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Syria envoy denies receiving complaint
After meeting Mansour, Ali said recent correspondence from Lebanon dealt with bilateral cooperation.
After meeting Mansour, Ali said recent correspondence from Lebanon dealt with bilateral cooperation.
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BEIRUT: Syria’s Ambassador to Lebanon denied Wednesday receiving a letter of complaint from the Foreign Ministry over recent cross-border attacks, while brushing off the Arab League as a biased organization.

“I have not been given any letter of complaint from the Lebanese Foreign Ministry,” Ali Abdel-Karim Ali told reporters after a meeting with caretaker Foreign Minister Adnan Mansour.

Ali explained that he had received dozens of memos from the Lebanese government in recent months, saying the correspondence was in the framework of bilateral cooperation.

“I have received in recent months more than 24 memos, but not one of them was a complaint. They are part of a cooperative information exchange between the two countries, [and it will continue] as long as there are terrorists at our common and overlapping borders,” he said.

Ali also downplayed the significance of the complaint Lebanon is set to file with the Arab League over recent border violations.

“Is there still an Arab League? It announced its own death when it allowed states to arm terrorists inside Syria,” Ali said. “I ask the dear Lebanese state, the Foreign Ministry, the presidency and all relevant sides in this country: To whom will they send a letter of complaint, when the Arab League violated its charter and gave a seat to the [Syrian] opposition? The Arab League is no longer competent to receive complaints.”

President Michel Sleiman and caretaker Prime Minister Najib Mikati tasked Mansour Monday with sending a letter of complaint to the Arab League over recent Syrian cross-border violations. On Sunday, shelling by Syrian rebels claimed the lives of two Lebanese in the northeastern border region of Hermel.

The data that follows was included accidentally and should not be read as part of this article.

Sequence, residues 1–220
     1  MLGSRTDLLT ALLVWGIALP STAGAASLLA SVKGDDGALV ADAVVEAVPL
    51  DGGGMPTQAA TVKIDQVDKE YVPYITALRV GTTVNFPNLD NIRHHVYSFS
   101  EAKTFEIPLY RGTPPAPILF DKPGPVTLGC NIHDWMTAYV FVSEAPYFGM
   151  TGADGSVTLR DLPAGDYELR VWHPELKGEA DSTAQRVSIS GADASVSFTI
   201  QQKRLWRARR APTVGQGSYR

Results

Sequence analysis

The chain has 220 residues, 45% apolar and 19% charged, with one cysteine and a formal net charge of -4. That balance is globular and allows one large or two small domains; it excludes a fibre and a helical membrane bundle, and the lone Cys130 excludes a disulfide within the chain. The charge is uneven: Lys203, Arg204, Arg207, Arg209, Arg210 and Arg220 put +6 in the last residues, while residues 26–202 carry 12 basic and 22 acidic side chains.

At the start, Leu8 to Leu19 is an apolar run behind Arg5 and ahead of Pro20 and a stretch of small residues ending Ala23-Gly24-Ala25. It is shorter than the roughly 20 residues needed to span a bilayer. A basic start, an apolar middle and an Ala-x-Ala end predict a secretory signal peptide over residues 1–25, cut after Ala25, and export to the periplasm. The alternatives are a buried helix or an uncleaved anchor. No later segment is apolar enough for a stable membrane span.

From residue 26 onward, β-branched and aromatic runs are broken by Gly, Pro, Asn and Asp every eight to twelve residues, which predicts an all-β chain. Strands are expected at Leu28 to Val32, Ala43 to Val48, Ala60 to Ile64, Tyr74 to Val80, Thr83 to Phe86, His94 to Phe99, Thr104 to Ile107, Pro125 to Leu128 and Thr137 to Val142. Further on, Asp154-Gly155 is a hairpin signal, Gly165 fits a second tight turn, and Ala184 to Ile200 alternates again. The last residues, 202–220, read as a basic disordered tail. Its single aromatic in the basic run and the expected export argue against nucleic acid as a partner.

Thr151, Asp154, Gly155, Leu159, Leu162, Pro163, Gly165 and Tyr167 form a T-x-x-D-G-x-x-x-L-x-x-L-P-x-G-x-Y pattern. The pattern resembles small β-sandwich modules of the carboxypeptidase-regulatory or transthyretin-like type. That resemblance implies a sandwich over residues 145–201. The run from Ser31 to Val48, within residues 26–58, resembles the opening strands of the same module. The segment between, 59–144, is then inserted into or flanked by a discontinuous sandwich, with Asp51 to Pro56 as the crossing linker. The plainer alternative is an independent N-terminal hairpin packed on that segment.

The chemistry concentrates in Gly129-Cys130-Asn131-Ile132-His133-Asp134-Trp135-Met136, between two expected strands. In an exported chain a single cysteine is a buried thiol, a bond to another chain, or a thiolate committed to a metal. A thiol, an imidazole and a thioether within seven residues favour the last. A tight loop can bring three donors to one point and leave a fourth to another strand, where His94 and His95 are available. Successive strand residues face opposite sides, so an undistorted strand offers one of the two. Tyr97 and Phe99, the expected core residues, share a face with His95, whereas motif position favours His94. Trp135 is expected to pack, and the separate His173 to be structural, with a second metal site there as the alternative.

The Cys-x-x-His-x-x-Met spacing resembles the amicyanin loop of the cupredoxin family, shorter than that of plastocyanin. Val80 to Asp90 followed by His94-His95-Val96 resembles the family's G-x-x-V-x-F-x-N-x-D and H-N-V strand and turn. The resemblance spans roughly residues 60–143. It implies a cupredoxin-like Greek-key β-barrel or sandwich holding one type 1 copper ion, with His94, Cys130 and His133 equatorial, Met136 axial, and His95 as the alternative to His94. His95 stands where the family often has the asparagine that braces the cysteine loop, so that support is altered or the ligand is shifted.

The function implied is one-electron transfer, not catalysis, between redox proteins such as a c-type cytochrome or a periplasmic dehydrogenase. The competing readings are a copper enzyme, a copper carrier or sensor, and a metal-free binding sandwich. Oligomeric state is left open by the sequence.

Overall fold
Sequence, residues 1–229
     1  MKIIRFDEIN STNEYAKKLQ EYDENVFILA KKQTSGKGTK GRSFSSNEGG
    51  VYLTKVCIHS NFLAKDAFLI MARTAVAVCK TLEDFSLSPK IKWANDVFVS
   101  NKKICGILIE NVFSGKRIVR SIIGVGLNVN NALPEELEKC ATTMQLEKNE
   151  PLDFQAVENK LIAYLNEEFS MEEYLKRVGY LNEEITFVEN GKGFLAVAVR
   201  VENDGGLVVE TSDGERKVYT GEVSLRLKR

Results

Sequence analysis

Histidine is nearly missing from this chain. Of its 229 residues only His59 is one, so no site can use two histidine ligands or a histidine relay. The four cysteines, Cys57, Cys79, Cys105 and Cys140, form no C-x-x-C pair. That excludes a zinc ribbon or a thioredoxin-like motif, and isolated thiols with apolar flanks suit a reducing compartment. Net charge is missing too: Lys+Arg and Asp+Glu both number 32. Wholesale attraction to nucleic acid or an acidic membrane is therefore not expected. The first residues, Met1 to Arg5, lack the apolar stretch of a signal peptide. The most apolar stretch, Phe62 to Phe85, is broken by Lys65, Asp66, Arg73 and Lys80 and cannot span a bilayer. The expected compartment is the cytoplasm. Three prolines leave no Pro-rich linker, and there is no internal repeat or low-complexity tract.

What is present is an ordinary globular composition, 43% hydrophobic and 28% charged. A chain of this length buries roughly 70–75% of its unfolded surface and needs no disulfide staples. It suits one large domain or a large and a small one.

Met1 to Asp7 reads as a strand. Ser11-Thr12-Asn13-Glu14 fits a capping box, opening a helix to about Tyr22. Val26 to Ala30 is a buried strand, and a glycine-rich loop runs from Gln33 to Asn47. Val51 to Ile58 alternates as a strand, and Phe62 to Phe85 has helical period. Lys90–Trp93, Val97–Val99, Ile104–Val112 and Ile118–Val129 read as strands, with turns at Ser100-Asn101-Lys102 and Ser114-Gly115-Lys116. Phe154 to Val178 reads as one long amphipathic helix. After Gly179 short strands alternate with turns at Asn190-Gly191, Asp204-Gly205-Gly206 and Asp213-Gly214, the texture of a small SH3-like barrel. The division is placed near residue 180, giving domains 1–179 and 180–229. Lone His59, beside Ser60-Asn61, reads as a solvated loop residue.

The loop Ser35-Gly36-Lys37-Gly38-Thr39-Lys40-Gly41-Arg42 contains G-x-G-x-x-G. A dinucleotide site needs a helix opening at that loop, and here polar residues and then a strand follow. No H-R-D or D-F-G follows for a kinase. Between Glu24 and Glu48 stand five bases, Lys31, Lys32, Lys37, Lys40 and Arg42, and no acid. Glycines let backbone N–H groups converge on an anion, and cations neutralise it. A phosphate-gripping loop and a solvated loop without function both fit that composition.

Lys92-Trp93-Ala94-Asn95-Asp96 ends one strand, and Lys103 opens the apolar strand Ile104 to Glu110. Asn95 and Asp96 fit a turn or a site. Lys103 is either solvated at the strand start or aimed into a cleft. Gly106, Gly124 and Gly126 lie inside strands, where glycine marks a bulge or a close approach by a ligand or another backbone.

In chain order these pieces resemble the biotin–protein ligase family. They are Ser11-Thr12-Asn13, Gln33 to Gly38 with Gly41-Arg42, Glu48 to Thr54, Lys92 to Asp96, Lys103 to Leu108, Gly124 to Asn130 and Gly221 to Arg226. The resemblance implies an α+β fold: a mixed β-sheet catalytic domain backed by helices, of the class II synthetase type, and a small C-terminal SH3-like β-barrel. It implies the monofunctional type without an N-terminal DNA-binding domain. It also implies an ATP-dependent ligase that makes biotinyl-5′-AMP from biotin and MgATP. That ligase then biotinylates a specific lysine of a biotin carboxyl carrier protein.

The rebels said they had bombed what they believed were Hezbollah sites in Hermel, in retaliation for allegedly fighting alongside the Syrian army.

But Hezbollah argues that it is helping to defend the Lebanese residing in Syrian villages in Al-Qusair against attacks by Syrian rebels.

The Syrian army has also opened fire on Lebanese territories several times since the start of the uprising in March 2011.

Mansour said in comments published by a local media outlet Wednesday that the complaint made to the Arab League needs to be accompanied by measures from Beirut to prevent the entry of militants into Lebanon. Mansour also blamed the Arab League for supporting rebels fighting Syrian President Bashar Assad.

Ali denied that he had been summoned by the Lebanese foreign minister over cross-border violations and said that his meeting with Mansour was to “coordinate mutual causes.”

“I asked for an appointment with the minister to hold consultations on several issues. I was definitely not summoned by him [Mansour],” he said.

Ali denied that Syrian government forces had attacked Lebanese territory, saying that “it has only responded to the sources of fire.”

He added that his country was the one “under attack,” and that fighters coming from Lebanon have infiltrated Syria to take part in the conflict.

“Some Lebanese have gone there to participate in the killing of Syrians,” he said.

Minyeh MP Ahmad Fatfat, from the Future Movement, slammed Mansour for a lack of “patriotism.”

Mansour, he told the Central News Agency, “has become the foreign minister of the Bashar Assad regime, while the Syrian ambassador behaves as if he is the foreign minister of Lebanon.”

For its part, the March 14 General Secretariat condemned the attacks on Lebanese soil, irrespective of the party responsible:

“The General Secretariat considers any shelling, kidnapping or attack against Lebanese territory and the Lebanese people as crossing a red line, whether committed by the Syrian army, which always perpetrates these acts ... or the Free Syrian Army or anyone else from the Syrian side of the border.”

The statement called on the state to deploy the Army along with international troops on borders shared with Syria, in line with U.N. Security Council Resolution 1701.

The General Secretariat called on Hezbollah to withdraw its fighters from Syria in order to spare Lebanese cities and villages potential retaliation from Syrian rebels.

A version of this article appeared in the print edition of The Daily Star on April 18, 2013, on page 3.
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